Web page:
In Luke’s Gospel, Jesus told the following parable: “What woman having ten silver coins, if she loses one of them, does not light a lamp, sweep the house, and search carefully until she finds it? When she has found it, she calls together her friends and neighbors, saying, ‘Rejoice with me, for I have found the coin that I had lost.’ Just so, I tell you, there is joy in the presence of the angels of God over one sinner who repents” (Luke 15:8-10).
While Jesus drew attention to the happiness in heaven that accompanies repentance, the parable also provides us a worthy New Year’s resolution. Maybe in 2011, we too lost something valuable that we need to recover. The woman lost a drachma, a Greek coin worth about one day’s wages, maybe $180.00 in today’s America. But sometimes we can lose much more than a few hundred dollars.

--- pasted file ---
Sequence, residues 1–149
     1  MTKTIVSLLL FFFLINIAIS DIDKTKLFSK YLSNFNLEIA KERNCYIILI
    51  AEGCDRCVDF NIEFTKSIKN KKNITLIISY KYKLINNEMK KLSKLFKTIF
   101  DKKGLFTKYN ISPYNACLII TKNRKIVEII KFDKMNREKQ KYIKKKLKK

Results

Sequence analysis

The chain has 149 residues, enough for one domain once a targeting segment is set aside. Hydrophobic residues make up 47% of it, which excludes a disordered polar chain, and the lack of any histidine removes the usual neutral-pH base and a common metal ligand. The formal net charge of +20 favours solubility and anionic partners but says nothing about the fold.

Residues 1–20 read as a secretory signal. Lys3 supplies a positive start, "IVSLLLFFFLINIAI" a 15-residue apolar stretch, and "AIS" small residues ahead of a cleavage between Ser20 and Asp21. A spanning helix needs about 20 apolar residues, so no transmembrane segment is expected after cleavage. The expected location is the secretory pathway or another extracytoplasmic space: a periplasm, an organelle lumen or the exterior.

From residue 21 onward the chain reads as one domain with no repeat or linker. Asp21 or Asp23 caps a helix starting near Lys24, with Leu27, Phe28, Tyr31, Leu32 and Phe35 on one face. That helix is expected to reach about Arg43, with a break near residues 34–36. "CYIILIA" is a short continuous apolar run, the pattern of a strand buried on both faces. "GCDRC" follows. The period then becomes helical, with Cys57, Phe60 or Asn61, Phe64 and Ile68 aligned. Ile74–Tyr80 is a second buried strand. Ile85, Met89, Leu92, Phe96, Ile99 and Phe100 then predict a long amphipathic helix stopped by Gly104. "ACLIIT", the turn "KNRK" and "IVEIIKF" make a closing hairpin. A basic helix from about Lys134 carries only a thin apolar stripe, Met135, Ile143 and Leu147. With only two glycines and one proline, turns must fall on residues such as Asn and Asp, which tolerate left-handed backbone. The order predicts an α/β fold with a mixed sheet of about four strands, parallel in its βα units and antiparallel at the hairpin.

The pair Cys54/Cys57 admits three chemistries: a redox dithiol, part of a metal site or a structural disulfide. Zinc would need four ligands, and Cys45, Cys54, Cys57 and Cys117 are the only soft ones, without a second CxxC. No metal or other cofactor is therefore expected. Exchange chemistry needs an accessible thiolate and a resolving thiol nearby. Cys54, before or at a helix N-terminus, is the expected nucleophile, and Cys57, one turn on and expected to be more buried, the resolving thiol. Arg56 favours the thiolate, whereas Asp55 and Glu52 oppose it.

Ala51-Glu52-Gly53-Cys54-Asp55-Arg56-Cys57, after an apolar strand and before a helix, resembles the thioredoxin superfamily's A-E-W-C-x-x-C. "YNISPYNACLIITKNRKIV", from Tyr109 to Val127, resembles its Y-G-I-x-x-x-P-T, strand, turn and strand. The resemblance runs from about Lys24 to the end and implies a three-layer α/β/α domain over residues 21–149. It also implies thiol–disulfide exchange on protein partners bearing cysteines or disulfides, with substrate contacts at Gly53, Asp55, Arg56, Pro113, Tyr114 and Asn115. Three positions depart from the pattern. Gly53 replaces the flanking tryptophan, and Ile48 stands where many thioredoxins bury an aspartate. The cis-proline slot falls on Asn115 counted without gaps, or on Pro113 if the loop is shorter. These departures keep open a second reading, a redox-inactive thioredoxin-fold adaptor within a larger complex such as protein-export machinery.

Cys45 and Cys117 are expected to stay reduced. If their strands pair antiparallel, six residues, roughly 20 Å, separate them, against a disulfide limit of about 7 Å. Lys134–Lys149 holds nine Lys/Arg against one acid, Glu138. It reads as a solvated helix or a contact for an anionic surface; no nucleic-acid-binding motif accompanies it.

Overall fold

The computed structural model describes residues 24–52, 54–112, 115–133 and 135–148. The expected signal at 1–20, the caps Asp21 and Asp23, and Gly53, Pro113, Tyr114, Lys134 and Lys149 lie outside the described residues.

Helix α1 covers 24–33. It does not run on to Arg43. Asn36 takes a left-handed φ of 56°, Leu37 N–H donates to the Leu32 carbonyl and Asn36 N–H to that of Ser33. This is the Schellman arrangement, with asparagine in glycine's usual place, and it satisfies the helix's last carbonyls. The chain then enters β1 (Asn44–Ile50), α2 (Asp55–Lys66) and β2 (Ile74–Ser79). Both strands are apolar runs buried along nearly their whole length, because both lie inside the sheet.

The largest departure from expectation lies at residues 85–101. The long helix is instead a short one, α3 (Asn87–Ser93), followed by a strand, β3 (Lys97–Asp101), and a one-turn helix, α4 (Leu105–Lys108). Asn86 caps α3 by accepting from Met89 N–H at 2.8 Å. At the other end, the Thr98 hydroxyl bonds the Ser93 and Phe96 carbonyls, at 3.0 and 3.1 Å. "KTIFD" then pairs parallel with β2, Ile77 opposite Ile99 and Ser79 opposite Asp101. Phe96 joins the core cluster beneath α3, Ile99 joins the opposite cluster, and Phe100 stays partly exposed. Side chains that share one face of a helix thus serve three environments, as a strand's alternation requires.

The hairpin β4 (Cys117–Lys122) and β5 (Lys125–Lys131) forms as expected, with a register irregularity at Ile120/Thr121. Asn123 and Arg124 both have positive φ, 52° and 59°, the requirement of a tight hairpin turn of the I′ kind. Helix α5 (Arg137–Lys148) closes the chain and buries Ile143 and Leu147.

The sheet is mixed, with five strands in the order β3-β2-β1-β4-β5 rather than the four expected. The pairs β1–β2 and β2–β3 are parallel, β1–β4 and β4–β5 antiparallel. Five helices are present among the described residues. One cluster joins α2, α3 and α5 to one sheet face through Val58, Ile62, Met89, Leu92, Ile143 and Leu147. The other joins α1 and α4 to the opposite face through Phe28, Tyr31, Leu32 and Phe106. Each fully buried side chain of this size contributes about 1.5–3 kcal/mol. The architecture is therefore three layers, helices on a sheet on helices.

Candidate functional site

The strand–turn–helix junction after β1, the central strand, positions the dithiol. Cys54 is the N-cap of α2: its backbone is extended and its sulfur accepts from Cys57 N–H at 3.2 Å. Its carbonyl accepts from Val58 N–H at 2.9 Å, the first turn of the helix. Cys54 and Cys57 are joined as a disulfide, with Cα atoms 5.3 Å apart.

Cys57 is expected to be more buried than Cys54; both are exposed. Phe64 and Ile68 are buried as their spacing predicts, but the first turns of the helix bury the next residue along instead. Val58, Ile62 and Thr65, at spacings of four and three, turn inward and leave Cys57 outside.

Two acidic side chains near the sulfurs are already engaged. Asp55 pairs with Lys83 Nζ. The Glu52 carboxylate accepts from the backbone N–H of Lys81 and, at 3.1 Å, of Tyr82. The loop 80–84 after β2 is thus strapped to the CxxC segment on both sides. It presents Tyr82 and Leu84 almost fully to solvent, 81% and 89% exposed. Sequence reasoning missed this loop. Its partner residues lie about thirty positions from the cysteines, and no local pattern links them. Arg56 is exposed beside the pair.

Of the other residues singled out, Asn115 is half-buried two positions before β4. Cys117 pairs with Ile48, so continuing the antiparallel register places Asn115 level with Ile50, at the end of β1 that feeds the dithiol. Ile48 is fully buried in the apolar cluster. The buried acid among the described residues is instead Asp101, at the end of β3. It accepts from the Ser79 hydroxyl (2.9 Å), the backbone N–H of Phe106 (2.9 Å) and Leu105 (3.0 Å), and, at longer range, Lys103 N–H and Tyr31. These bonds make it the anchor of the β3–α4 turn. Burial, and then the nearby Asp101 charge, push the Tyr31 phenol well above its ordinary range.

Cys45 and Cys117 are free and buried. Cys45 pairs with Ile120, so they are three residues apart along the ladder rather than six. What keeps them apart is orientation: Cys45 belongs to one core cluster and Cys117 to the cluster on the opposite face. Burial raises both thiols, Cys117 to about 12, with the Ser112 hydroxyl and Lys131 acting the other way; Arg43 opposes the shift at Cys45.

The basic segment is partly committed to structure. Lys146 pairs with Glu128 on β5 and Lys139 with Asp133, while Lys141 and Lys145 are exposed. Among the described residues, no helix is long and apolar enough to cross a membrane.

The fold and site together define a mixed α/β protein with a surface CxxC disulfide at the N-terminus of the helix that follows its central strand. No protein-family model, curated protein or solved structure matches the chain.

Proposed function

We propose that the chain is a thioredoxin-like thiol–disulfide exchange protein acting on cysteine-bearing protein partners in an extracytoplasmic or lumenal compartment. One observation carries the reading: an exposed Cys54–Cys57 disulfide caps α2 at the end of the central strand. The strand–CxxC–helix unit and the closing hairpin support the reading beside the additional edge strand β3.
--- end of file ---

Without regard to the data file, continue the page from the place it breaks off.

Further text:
Did we, for instance, in 2011 lose the precious coin of doing something we really love doing? The most anticipated and publicized chess match of all time took place in 1972 when the prodigy Bobby Fischer challenged the World Champion Boris Spassky in Reykjavik, Iceland. The challenger Fischer won the series of games to become the world’s greatest player. No one was better at chess than Fischer–or had more passion for the game. But after the tournament, Fischer mysteriously stopped playing chess and became a recluse. Twenty years passed before he returned to the game he loved, again at a tournament pitting him against Spassky. And once more, in 1992, at Montenegro and Belgrade, Fischer defeated Spassky.
Did we this past year lose the precious coin of doing something we love? Did we bury our talents? Did we not do our best work? Or maybe there is some other coin we lost: The precious coin of being a good friend? The drachma of generosity? Of a clear conscience? Of prayer? Of happiness? Whatever of great value we lost, let’s put effort in 2012 into recovering it.
Jesus’ parable ends with a celebration. Festivities, publications, and news stories marked Fischer’s reappearance into the chess world in 1992. At our New Year’s parties a year hence, let’s rejoice together because we found in 2012 what once was lost.